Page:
From what we have presented above, the “job” of the kohanim in fulfilling their benedictional duty is to convey to the entire community that they are loved by God. It is a love blessing. The word b’ahavah added to the blessing is not an add-on feature, but rather speaks to the very core of the mitzvah itself: to bless the people with love, to convey the reality that they are loved. Perhaps the last word of the Priestly Blessing, that the people be blessed with “tranquility,” is more accurately a blessing for love, love being the most profound generator of tranquility.
One more point. The discerning reader will notice a significant divergence in the body of the blessing, from the wording of the standard blessing recited before performing a mitzvah. Normally, when reciting such a blessing, we say: “Blessed are You, Lord our God, Ruler of the universe, who has sanctified us with the divine commandments, and….” But here, prior to the Priestly Blessing, the words are: “…who has sanctified us with the holiness of Aaron, and….” That is quite a change, unprecedented in the litany of blessings. What is the significance of this change in wording?
There is clearly a message in this. What exactly is meant by “the holiness of Aaron?” To answer this question, we turn to the most eloquent description of Aaron, offered by the sage Hillel: “Be among the disciples of Aaron, loving peace and pursuing peace, loving humankind and bringing them near to the Torah” (Pirkei Avot 1:12). In other words, the core characteristic of Aaron is that he is a person
full of love for everyone, who spreads peace (tranquility) throughout the community. The holiness of Aaron inheres in his embracing love of everyone.
These words “who has sanctified us with the holiness of Aaron” are uttered by the kohanim as they prepare for generating blessing for the people. They are reminded in advance that this benedictory expression is all about love, Aaronic love, with which they—as kohanim—have been bequeathed, and which they must share with the community. Through the legacy of Aaron, they must bless the community with love: with the express hope and prayer that the community will become suffused with love.
If the most holy of the community, the kohanim, can find it in their hearts to bless the entirety of the Israelite community that they be filled with love, even though they know so many whose behavior is less than scintillating, even unholy…then that leaves God with no choice but to endorse that blessing. This must therefore be seen as the heavenly plea to all of Israel to be concerned for each other, to bless each other despite all their imperfections, to express and live their love of everyone. Once we do that, we are indeed blessed!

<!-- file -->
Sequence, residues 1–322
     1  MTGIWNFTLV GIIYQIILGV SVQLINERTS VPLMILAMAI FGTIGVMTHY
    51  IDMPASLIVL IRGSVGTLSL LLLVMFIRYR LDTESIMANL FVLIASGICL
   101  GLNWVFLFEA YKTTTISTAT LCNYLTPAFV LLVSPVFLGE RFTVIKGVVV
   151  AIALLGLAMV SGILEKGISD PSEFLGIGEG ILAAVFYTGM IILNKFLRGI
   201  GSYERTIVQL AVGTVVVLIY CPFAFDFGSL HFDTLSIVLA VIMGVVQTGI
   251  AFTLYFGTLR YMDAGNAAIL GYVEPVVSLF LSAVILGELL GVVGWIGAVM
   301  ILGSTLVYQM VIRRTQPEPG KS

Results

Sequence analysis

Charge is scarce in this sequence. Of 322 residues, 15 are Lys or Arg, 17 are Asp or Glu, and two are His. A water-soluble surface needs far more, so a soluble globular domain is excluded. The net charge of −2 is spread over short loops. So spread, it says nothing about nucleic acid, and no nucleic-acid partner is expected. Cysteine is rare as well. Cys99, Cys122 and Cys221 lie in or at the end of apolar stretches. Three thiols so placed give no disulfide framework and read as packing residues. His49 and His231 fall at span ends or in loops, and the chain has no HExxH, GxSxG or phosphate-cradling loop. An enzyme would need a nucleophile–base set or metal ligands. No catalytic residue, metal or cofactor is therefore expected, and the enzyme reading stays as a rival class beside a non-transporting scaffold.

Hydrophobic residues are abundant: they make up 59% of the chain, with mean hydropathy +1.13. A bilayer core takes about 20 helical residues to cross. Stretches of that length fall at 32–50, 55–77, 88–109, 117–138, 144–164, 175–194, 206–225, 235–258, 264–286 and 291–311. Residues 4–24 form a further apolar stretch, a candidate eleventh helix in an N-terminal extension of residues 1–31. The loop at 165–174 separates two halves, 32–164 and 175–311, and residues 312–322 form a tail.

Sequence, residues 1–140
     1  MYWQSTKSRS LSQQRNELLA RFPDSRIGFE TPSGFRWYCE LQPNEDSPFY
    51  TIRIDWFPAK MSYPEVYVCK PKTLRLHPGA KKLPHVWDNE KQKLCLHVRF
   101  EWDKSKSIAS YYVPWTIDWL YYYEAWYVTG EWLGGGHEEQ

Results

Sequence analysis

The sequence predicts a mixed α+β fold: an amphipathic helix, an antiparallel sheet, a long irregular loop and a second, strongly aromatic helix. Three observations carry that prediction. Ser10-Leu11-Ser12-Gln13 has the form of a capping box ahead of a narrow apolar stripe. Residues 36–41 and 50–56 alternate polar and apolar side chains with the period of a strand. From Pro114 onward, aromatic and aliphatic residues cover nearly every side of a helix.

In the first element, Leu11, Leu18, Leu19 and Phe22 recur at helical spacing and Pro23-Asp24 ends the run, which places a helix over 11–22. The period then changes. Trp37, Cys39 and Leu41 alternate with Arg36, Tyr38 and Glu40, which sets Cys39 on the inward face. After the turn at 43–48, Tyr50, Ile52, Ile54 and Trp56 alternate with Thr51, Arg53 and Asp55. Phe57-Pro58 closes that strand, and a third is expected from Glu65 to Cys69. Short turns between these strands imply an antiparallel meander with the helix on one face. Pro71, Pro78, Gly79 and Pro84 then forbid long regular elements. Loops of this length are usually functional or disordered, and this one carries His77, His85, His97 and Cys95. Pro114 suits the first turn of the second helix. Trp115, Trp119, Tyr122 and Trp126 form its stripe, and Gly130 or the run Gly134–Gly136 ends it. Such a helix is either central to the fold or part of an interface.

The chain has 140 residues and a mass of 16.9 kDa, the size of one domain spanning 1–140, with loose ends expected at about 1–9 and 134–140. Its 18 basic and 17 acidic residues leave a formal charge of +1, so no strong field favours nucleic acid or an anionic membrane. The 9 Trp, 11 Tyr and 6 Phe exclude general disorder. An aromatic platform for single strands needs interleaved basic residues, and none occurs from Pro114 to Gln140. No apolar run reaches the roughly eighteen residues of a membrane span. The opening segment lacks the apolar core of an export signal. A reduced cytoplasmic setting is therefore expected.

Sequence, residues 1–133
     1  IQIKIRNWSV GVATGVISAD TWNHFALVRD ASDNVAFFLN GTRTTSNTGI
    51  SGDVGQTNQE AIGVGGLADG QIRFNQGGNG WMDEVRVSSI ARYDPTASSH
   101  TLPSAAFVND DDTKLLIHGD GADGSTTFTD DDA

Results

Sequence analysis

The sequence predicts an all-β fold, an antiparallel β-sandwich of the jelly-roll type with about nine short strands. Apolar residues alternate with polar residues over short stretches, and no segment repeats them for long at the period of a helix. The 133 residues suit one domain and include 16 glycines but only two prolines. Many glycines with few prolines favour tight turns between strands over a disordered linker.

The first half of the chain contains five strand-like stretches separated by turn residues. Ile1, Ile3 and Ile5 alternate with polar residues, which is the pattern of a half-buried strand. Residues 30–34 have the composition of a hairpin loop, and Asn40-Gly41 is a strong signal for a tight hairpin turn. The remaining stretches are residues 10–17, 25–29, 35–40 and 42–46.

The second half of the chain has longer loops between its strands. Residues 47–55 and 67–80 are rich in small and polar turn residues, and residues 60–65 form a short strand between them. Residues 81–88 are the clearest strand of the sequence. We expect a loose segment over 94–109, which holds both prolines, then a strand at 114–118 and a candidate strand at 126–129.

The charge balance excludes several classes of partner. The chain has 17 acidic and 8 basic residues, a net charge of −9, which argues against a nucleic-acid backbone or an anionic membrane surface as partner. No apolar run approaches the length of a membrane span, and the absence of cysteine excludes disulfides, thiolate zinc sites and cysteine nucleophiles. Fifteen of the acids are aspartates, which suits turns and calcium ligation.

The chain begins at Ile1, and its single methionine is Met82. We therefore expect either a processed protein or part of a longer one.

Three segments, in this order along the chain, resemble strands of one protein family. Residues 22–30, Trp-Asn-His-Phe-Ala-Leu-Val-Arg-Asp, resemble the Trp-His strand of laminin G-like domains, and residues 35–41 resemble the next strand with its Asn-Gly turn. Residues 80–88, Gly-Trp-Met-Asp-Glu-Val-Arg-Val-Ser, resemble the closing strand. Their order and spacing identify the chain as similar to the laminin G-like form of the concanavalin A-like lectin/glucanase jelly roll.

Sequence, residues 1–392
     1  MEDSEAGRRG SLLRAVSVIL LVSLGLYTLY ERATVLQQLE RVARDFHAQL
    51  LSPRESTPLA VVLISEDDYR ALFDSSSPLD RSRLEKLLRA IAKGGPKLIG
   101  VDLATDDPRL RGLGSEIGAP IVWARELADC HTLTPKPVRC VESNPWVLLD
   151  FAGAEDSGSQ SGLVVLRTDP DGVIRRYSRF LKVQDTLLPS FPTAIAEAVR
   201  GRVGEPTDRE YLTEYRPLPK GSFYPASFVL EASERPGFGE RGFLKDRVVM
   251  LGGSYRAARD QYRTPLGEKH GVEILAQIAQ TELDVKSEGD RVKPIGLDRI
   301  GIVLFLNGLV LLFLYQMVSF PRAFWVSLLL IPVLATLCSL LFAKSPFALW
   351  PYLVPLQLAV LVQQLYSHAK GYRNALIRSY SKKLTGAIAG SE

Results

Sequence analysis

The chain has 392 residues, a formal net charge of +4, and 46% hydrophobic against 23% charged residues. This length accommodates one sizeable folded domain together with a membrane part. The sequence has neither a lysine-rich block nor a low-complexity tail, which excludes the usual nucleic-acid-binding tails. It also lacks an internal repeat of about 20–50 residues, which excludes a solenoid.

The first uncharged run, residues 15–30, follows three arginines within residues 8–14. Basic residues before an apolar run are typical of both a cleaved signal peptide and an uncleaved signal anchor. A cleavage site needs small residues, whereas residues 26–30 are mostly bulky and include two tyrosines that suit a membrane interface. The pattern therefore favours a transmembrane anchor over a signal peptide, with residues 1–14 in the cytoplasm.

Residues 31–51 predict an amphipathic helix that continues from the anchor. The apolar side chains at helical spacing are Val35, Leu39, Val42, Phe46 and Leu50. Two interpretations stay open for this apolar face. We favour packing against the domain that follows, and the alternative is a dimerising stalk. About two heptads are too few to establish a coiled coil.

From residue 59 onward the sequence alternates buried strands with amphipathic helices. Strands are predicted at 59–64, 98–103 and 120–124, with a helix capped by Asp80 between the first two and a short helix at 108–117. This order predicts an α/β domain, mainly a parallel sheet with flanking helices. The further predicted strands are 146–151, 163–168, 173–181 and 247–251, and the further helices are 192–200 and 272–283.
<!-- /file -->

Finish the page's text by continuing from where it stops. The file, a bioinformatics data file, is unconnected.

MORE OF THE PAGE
The Bottom Line
In a word, the mitzvah fulfillment of Birkat Kohanim is a concretization, on the loftiest level, of ahavat yisrael, loving all Israel, completely and unconditionally. That we have to work hard to get beyond the superficial to uncover the true essence, the great truth of the Priestly Blessing, is itself a reminder that we should do the same with every member of the community: get behind the superficial to see the good in everyone.
1 Sefer Ha-ḥinnukh, ed. Ḥayyim Dov Chavel (New York: Shulsinger Bros., 1952), mitzvah #367, p. 468. The traditional attribution of Sefer Ha-ḥinnukh to Rabbi Aaron of Barcelona has been questioned in recent years. See further Israel Ta-Shma, “Meḥabb’ro Ha-amitti shel Sefer Ha-ḥinnukh,” in Kiryat Sefer 55 (1980), pp. 787–790.
2 See Numbers 5:11–31. A sotah is a married woman suspected of adultery who undergoes a harrowing ritual intended to establish the truth regarding the suspicion, and which is overseen by a kohen. The ritual was abolished by Rabbi Yoḥanan ben Zakkai in the first century C.E.
3 See Numbers 6:1–21. A nazirite is a person, male or female, who vows to abstain from wine and grape products for a period of time (usually but not always for thirty days) and who afterwards, with the guidance of a kohen, engages in various penitential rituals to facilitate return to non-nazirite status.
4 See Rashi’s first comment to Numbers 6:23, s.v. amor; and Midrash Tanḥuma to Numbers, parashat Naso §10. This work is a collection of midrashic homilies on the Pentateuch named for Rabbi Tanḥuma, its presumed author and editor.
5 See Rashi’s second comment to Numbers 6:23, s.v. amor lahem. Rashi, as Rabbi Shlomo Yitzaki (1040–1105) is universally known, is by common consent the greatest and most authoritative of all Jewish medieval biblical commentators.
6 Regarding the sotah, see note 2 above. Regarding the nazirite, see note 3 above.
7 B. Nedarim 10a, commenting on Numbers 6:11.